I constantly look to others to tell me where I should be in life. What one person my age owns, has accomplished, and is capable of immediately becomes what I should own, what I should have accomplished, and what I should be capable of.
This type of thinking has plagued me for years, and has only gotten worse since my diagnosis. Being incapable of doing what it seems everyone else can do is heartbreaking. Knowing I’m different and knowing my limits are below the limits of others can bring tears to my eyes, and always leaves me feeling disappointed in myself.
Not knowing where I’m going in life has left me feeling lost and alone. This has become increasingly hard to bear now that I’ve reached adulthood. Being an adult means being responsible and self-sufficient. Unfortunately, I cannot be held accountable for all my actions from time to time, and as for being self-sufficient, I have no choice but to put the bulk of my personal care into the hands of others.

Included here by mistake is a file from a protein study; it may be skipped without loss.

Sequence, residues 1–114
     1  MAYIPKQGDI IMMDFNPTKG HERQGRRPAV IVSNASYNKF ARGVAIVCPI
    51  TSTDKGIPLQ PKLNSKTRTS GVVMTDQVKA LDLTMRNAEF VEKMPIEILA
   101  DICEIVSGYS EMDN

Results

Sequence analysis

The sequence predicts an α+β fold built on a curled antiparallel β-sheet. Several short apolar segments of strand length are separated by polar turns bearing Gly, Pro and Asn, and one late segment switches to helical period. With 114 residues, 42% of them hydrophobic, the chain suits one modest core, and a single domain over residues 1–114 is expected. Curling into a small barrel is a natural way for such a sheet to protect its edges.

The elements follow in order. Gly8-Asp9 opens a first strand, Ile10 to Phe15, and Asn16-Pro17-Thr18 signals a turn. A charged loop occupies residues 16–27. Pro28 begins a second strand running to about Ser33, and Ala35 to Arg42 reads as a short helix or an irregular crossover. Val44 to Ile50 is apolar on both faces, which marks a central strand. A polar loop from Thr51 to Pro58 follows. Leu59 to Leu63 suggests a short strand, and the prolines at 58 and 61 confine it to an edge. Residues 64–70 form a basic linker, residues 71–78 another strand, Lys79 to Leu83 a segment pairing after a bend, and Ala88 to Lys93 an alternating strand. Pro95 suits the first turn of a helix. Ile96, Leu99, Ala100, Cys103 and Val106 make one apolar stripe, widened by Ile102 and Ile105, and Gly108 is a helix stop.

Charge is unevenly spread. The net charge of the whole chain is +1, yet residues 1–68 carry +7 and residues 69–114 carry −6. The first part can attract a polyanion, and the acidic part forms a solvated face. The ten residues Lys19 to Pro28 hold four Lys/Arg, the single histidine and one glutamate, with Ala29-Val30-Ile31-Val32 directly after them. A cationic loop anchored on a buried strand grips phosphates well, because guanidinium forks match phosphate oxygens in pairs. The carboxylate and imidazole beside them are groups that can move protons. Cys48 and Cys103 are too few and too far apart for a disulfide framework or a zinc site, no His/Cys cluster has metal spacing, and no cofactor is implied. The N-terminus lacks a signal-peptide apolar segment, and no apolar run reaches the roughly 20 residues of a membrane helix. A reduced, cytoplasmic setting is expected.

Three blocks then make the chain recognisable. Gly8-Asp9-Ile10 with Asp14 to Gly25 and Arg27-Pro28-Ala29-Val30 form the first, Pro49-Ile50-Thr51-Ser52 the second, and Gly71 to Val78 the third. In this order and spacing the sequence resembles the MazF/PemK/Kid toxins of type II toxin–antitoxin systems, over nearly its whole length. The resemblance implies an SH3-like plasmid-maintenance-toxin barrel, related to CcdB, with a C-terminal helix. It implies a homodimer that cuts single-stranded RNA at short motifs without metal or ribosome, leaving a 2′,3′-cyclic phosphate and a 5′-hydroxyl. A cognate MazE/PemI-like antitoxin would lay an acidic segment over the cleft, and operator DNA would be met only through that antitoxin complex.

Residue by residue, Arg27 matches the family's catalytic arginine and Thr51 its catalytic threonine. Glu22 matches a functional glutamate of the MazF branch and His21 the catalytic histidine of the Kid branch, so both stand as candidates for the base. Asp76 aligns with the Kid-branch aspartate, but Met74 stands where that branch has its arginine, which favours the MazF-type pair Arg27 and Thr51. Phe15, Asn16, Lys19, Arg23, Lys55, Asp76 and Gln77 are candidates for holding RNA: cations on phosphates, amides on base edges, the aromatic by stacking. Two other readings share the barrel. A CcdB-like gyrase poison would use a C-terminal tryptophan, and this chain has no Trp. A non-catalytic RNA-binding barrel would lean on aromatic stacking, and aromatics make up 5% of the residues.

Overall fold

Learning to accept my disabilities as a part of myself has been hard. There are days where I don’t want to admit to myself how bad off I am. There are days where I like to pretend I’m not as sick as I am, only for it to blow up in my face later. There are days where the crushing weight of acceptance has made me suicidal. But I need to accept that while I have a great and reliable support group, I am essentially alone in all of this. And that’s okay.
Being alone in a sea called mental illness doesn’t mean I can’t reach out for help. And just because I can’t force someone go through this turbulence with me doesn’t mean they’ll refuse to hold my hand to steady me. I may be alone, but I am alone on an island called support.